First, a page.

More than four million Time Warner Cable records exposed in leak

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More than four million Time Warner Cable records exposed in leak

At a closer look, authorities identified four million records. BroadSoft partners with companies like tiem Warner Cable to manage their communications and cloud data needs.

Hackers are a major concern for anyone with a cable, wireless, bank, or social media account - so, basically everyone - but sometimes bad actors don't even have to actually break into anything in order for companies to leak data on their customers.

The breached files, it said, were discovered last week by Kromtech Security while its researchers were investigating an unrelated breach at World Wrestling Entertainment.

In addition, last month Amazon started sending warnings to its AWS users if it found they had uploaded data that anyone could see. These files were all pertaining to BroadSoft, a global communication firm, which supports partnerships with AT&T and Time Warner Cable.

The TWC record information was not unique for all details exposed, instances of duplicate information, were also seen, meaning the breach ultimately exposed less than four million customers.

Nonetheless, the cache offered access to numerous email addresses, user names, device serial numbers, MAC addresses, and others.

Also in the exposed data was information about people in Iraq and Afghanistan who had worked with the U.S. military.

The records, which stemmed from the MyTWC mobile app, date as far back as November 2010 - years before Charter bought TWC. However, the available records were dating from both eras.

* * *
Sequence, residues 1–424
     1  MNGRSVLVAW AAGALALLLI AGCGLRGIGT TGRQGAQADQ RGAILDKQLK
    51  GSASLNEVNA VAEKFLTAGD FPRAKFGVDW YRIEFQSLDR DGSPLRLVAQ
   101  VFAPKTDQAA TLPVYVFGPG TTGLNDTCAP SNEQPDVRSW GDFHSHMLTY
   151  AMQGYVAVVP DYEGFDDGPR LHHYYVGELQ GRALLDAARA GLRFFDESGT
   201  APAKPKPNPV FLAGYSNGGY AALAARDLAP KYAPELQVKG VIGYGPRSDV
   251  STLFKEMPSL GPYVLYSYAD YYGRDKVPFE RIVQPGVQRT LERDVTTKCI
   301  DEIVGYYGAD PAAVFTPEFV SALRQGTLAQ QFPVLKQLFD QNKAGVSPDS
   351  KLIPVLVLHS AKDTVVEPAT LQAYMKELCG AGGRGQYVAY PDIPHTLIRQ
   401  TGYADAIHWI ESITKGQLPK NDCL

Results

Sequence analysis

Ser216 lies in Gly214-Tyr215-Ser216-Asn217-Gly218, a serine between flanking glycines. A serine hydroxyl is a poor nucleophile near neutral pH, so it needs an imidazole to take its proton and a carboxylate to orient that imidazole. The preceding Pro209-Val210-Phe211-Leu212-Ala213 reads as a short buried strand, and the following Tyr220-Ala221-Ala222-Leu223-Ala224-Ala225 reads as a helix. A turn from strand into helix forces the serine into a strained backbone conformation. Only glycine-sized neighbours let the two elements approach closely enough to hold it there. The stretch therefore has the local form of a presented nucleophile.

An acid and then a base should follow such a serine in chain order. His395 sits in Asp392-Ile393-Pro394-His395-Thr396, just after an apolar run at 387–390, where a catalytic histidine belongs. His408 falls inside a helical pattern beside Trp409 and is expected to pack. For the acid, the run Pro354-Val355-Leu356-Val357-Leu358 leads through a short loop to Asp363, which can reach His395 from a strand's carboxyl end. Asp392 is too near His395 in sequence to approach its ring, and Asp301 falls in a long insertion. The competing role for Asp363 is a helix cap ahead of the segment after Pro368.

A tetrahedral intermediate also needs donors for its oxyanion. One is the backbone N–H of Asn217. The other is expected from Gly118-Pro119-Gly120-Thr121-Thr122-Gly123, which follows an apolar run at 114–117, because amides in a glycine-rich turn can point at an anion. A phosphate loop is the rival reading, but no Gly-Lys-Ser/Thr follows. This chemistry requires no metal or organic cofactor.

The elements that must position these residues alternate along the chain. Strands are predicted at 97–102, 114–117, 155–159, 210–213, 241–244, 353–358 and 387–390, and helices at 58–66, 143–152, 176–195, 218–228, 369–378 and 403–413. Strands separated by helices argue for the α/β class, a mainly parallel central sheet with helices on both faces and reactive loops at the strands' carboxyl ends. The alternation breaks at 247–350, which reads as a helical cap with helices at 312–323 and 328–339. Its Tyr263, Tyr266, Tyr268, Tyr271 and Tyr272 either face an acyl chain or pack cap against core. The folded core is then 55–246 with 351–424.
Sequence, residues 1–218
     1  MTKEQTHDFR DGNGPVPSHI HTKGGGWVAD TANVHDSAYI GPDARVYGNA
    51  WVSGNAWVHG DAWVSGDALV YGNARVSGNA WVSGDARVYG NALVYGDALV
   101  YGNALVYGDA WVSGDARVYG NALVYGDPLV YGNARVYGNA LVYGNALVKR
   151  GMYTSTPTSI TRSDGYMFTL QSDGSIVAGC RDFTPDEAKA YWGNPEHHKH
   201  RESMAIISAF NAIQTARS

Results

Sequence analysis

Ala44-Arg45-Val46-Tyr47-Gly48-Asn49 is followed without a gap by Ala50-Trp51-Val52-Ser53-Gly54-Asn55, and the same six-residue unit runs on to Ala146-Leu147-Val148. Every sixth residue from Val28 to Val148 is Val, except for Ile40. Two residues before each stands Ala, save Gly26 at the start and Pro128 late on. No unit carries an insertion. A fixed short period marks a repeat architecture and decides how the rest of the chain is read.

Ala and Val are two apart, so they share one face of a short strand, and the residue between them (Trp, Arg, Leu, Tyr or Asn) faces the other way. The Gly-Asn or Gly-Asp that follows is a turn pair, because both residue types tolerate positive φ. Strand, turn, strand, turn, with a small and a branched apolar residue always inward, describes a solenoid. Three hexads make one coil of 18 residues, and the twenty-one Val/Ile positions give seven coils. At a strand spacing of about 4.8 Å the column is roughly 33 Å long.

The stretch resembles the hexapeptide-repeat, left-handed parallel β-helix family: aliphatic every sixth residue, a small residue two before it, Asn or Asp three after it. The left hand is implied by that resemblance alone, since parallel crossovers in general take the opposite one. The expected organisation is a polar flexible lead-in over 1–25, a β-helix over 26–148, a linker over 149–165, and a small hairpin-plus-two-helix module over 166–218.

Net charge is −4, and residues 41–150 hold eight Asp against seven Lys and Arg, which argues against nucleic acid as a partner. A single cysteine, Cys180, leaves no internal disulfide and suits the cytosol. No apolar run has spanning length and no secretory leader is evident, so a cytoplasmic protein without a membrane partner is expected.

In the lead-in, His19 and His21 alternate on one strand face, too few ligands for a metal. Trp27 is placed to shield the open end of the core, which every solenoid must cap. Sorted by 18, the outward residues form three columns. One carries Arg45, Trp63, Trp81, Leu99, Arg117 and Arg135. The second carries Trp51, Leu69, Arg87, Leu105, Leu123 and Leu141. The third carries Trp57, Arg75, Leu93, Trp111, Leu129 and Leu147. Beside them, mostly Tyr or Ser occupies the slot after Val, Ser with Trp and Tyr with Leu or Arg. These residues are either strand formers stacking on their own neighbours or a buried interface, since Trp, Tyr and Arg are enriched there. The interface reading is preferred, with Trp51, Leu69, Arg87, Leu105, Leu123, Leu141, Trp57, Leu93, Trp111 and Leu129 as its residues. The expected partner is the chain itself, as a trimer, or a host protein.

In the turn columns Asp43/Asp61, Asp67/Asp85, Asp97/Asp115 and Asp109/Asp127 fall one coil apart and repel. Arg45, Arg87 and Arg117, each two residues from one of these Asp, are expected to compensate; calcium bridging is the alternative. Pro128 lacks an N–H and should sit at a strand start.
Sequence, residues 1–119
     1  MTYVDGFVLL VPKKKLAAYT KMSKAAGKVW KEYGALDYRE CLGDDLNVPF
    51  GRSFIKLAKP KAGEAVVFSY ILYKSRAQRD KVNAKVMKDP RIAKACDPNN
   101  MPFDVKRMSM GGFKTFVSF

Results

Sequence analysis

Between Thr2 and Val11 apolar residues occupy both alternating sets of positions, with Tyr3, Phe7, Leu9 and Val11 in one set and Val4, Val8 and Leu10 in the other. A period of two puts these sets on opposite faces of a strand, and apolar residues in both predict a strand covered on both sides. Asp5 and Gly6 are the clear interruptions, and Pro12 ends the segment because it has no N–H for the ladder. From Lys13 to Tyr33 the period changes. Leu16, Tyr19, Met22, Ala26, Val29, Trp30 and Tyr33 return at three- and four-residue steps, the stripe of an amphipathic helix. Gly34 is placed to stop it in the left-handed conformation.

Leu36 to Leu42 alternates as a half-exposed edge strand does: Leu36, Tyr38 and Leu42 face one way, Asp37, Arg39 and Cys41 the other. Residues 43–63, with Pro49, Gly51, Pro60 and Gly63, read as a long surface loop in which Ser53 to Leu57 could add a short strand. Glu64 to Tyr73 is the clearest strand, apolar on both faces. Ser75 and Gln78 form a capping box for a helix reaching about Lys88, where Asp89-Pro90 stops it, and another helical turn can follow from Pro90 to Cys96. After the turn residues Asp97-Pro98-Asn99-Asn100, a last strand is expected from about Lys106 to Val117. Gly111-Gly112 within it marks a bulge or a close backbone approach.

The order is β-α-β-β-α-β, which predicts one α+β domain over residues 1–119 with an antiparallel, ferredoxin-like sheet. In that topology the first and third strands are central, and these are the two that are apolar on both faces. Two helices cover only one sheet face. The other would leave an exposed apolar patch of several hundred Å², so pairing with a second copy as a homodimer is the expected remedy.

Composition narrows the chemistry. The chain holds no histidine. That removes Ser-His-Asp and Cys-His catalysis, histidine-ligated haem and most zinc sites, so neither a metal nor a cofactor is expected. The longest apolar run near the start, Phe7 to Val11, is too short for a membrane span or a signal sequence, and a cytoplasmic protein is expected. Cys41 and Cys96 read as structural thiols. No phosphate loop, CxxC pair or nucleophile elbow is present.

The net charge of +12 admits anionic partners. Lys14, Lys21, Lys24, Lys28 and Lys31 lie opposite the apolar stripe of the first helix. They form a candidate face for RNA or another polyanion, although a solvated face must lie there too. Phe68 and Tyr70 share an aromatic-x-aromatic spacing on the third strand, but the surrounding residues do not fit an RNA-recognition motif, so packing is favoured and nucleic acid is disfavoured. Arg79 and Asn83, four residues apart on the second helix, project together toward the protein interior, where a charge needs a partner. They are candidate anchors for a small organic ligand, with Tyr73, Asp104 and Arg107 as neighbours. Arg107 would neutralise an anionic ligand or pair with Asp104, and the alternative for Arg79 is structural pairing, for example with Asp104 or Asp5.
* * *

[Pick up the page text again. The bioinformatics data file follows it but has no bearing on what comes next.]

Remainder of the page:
The leak, which was first discovered by Kromtech Security Center, is an absolutely inexcusable mistake on the part of BroadSoft, Inc.

The breach is believed to have happened from BroadSoft's workers in Bengaluru, India. This is also where people on the case suspect the origin of the leak to be from.

Kromtech's chief communications officer, Bob Diachenko, said that "Hackers continually use leaked or hacked information to commit other tremendous crimes". Due to this incident, cyber attackers would have had numerous opportunities to inflict harm both at the level of enterprise and society. While it's unlikely that multiple BroadSoft customers have anything to worry about, this incident will undermine confidence in the unified comms specialist and make potential suitors wary about potential security breaches that could, in the future, lead to legal action and compensation claims.

Time Warner Cable customers received a private notification before the company published the update. Kromtech said the exposed S3 buckets contained a "massive amount of sensitive information and researchers estimate it would take weeks to fully sort through all of the data".

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